Homewood Terrace from the air, 1920s. Ocean Avenue at bottom.
Homewood Terrace from the air, 1920s. Ocean Avenue at bottom. (WNP collection)

Each cottage housed twenty children—ten boys and ten girls ranging from toddlers to high school seniors—under the leadership of the cottage mother. In each cottage was a kitchen and small library. Each resident had his or her own locker, closet, and separate drawer space. The residents became part of the Ingleside neighborhood, attending nearby Farragut Elementary School, and later, Aptos Middle School. By 1926, over 320 different children had passed through the cottage life on Ocean Avenue. In the 1930s and 1940s, Homewood Terrace took in many children escaping from the Holocaust in Germany. Meanwhile, the forest around the campus disappeared under the carpet of new homes built for Mount Davidson Manor, Westwood Highlands, and Monterey Heights.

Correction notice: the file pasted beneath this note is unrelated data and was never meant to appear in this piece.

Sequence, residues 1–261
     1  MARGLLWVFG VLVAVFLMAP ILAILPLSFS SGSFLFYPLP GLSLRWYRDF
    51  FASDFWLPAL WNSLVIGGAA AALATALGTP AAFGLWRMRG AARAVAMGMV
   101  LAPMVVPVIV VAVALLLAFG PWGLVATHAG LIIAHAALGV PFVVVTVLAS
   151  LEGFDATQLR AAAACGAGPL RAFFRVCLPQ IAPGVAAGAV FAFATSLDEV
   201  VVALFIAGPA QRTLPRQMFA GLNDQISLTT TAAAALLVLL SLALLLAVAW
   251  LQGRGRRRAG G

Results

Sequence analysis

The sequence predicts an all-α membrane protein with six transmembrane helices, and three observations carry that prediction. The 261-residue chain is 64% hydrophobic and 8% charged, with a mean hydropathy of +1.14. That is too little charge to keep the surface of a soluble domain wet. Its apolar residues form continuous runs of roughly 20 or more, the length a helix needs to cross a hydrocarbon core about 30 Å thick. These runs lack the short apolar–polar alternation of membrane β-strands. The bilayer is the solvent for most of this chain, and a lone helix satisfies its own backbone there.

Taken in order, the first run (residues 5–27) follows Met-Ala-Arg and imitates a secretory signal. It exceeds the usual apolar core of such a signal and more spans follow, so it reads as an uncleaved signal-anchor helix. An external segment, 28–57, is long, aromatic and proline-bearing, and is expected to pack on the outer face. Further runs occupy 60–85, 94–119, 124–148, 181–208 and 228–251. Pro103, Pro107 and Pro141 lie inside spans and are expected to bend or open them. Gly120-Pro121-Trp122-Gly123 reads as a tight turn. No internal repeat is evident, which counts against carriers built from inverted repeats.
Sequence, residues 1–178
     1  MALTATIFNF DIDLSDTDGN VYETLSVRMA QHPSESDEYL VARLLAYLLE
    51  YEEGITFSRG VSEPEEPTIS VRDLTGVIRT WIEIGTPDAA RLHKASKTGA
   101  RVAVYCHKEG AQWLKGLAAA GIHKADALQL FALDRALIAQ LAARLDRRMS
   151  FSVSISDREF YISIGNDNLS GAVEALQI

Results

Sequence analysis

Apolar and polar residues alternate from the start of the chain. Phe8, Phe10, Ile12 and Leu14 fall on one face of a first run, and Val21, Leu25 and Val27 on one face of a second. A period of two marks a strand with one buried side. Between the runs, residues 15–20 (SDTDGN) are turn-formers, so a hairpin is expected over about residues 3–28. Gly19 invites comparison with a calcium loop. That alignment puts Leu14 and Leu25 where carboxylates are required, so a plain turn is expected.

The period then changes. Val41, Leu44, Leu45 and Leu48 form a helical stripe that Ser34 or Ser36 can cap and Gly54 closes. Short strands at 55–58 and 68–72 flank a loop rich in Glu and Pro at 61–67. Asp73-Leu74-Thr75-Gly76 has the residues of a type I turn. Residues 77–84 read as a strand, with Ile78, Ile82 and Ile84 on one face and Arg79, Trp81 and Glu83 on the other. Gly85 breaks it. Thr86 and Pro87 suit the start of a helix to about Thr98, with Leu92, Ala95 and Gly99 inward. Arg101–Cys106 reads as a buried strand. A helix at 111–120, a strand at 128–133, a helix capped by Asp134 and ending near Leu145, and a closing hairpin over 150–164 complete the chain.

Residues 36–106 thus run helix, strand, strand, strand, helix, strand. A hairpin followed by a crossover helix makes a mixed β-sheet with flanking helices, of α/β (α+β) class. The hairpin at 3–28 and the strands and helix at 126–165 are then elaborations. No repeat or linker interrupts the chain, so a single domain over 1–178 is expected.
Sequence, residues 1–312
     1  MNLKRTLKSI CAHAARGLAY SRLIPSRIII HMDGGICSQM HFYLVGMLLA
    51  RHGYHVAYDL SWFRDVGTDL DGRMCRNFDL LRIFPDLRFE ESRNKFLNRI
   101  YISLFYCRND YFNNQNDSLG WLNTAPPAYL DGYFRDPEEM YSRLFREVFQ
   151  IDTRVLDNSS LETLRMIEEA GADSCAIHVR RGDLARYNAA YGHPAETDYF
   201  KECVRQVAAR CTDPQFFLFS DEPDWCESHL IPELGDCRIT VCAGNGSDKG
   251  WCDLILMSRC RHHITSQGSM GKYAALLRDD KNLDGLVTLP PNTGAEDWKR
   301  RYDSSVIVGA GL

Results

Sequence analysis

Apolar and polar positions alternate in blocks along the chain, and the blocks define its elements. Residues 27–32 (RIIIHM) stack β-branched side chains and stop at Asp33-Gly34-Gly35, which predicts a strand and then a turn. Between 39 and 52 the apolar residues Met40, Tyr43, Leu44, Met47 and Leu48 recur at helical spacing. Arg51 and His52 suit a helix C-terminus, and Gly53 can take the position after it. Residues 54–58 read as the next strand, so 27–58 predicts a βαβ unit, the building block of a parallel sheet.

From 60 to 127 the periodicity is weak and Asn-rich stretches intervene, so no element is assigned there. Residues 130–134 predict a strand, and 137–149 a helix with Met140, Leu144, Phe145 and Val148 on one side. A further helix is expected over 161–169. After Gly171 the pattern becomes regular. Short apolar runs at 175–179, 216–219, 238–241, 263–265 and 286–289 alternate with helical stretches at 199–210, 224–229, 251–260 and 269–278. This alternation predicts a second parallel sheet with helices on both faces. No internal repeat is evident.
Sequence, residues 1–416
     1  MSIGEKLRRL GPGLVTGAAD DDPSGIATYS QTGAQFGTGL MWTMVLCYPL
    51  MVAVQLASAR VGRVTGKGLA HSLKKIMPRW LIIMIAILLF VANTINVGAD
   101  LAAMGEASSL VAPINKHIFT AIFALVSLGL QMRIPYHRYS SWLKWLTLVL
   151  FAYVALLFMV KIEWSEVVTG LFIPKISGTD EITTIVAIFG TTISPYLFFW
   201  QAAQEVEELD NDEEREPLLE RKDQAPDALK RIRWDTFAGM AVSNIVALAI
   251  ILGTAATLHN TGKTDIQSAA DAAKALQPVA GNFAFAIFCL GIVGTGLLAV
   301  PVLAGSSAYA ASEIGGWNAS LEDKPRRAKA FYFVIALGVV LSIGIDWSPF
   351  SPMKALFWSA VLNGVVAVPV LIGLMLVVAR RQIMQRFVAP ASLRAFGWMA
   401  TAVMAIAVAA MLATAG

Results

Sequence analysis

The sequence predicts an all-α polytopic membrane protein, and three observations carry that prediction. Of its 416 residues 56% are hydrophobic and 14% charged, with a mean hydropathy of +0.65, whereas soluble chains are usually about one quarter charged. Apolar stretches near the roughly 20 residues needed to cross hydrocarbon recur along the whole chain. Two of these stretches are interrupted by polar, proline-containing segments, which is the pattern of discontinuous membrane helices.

By the 1960s, the standards for residential care for children had changed again. In some ways the cottage model had proved a stepping stone to a more progressive foster home system. Instead of just simulating home and family life, boys and girls now lived it. In 1965, the last residents of Homewood Terrace were relocated to seven “real” houses in the Richmond District, and the organization was folded into today’s Jewish Family and Children’s Services agency.

The site became overgrown and its buildings decrepit in the years following the closing of Homewood Terrace. Various developers created schemes for nineteen-story towers and 300-unit apartment complexes. By the late 1970s, neighbors had become antsy for anything. Finally, the mixed-use Dorado Terrace development, a layer cake of stucco walls, utilitarian balconies, and retail storefronts, was constructed in 1981.

More information, images, and memories of Homewood Terrace are at outsidelands.org

Fourth of July, 1862: A Closer Look

by Woody LaBounty

A closer look at an OpenSFHistory image.

The lantern slide image below has been identified in different places with different descriptions. Some notations say Greenwich Street. Another calls it a mourning procession after Abraham Lincoln’s assassination (I suspect the top-hatted gentleman in the lower center may have sparked this idea, as the silhouette looks very Lincolnian.) Yet a third says it’s a Fourth of July parade. All that was certain was we were in North Beach with Russian Hill behind.